Marijuana insurance is still new and things are a bit hazy. Here’s what we’re learning.
Over half the states in the U.S. allow the sale of marijuana for medical use; nearly 10 authorize its recreational use. Despite this trend among individual states, the federal government still classifies Mary Jane as a “controlled substance,” leading to a lot of fuzziness where finance and insurance are concerned.
For example, as a controlled substance, a federally regulated bank is not permitted to finance a cannabis business or even loan to landlords who rent to weed dispensaries/factories. Similarly, from an insurance standpoint, the use of a controlled substance may negate coverage claims under many insurance policies, regardless of whether the insured individual was at fault or not. Worker Compensation benefits can also be denied if a “buzzed” employee violates the employer’s drug policy, although it seems courts are lightening up.
As to marijuana operations themselves, the industry is booming. We have heard of large-scale “weed factories” (growing, baking, processing, selling, etc.) renting up long-standing vacant buildings for up to three times the going rate.
When it comes to marijuana insurance for the growing pot industry, there’s a lot to consider. It’s a new market, so it hasn’t all been figured out yet. Insurance Business shared some important insights from America’s pioneering marijuana insurer, San Diego-based Next Wave Insurance. Their CEO, Jeff Ward, said that the largest claims for marijuana insurance come from vandalism and theft, along with electrical fires from growing lights overheating and equipment breakdowns.
But in addition to these potential problems, Next Wave says the biggest risk cannabis companies face is not having enough or the right kind of insurance coverage. Ward discusses the poor policy language surrounding marijuana insurance, saying, “even though [insurers are] offering coverage, they have a lot of ways to deny coverage.”
Charles Pyfrom, senior vice president of commercial programs at Next Wave, stressed the need for clarity in new markets, like marijuana insurance. He said, “we want to make sure [policyholders] are not being misled or having so many exclusions they’re not going to actually have coverage by the time they have a loss.”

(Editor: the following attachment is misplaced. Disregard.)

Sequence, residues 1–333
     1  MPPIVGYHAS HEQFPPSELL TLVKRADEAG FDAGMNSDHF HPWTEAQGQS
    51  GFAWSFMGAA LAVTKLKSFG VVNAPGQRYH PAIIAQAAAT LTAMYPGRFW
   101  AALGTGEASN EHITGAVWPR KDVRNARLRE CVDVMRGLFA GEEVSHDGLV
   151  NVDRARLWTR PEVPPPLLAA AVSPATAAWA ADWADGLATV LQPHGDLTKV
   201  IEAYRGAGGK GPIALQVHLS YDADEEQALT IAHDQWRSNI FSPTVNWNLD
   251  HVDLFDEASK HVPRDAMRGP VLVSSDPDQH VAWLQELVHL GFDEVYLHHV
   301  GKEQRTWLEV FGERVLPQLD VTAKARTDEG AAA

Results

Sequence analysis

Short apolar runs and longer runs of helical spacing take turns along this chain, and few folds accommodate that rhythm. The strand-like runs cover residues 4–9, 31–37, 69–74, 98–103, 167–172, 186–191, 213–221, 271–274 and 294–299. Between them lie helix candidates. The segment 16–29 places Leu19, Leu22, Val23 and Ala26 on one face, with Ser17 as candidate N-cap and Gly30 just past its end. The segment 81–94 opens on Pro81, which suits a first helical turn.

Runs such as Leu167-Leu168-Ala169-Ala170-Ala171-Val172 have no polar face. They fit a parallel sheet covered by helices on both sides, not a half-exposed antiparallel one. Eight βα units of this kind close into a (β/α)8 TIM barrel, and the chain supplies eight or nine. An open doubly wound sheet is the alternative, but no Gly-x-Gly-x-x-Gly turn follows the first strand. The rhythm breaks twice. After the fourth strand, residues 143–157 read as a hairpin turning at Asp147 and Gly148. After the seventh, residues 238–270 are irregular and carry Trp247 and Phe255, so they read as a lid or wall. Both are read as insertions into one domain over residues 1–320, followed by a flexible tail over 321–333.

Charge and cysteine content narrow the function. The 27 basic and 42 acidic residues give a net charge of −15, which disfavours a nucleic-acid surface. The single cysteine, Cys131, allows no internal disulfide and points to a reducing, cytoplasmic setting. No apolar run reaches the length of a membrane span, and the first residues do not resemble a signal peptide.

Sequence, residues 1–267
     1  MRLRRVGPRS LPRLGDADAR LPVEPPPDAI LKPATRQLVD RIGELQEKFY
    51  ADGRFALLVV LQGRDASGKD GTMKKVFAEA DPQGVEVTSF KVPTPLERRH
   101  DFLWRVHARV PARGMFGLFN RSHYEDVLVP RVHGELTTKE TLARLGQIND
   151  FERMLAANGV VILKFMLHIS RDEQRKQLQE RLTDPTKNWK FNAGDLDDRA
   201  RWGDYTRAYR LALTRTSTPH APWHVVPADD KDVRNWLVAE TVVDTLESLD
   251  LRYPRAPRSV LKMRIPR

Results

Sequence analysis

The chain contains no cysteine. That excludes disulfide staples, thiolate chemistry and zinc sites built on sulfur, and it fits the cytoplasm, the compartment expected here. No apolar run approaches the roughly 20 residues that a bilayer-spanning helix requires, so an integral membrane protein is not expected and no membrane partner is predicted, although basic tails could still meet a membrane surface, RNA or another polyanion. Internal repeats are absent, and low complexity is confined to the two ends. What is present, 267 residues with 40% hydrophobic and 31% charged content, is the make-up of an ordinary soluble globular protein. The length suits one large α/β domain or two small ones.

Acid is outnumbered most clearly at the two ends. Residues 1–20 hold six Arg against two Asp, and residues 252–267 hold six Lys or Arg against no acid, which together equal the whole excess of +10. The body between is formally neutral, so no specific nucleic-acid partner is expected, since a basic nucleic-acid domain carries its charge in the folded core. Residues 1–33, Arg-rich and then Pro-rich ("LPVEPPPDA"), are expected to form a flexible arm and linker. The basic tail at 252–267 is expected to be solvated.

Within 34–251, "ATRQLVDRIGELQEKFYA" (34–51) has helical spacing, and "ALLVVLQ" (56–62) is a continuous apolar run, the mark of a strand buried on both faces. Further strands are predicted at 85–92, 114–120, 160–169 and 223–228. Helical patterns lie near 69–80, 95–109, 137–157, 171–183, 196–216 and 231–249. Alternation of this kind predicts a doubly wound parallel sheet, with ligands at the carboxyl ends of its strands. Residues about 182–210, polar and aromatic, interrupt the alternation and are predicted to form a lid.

Insurance Business also spoke with Denver-based legal firm Vicente-Sederberg and founding partner, Brian Vicente, who explained that in the states that allow medical marijuana and/or legalized recreational cannabis, two sets of rules apply for any marijuana-related business from both state and local government.
The bottom line is that marijuana insurance is still a developing market with its own new issues and complications. Whereas coverage for a cannabis operation was available only on a surplus lines basis, there are a small number of admitted carriers providing specialized coverage. The message to agents is be on your guard. Know the laws that impact you and your client and read specimen policy exclusions.
As the legal marijuana industry continues to grow, change, and shift, insurance must adapt as well. With this in mind, the Department of Insurance’s Commissioner called on AAIS (American Association of Insurance Services) to create a Cannabis Specific Business Policy, and they did just that. This new policy, deemed CannaBOP, is designed for dispensaries, storage facilities, processors, manufacturers, distributors, and other cannabis-related businesses operating in the state of California.
AAIS developed a California specific business owners policy (BOP) program for the cannabis industry, complete with forms, rules, and rating information to better help insurers wading or wanting to dip their toes into covering the legal marijuana industry.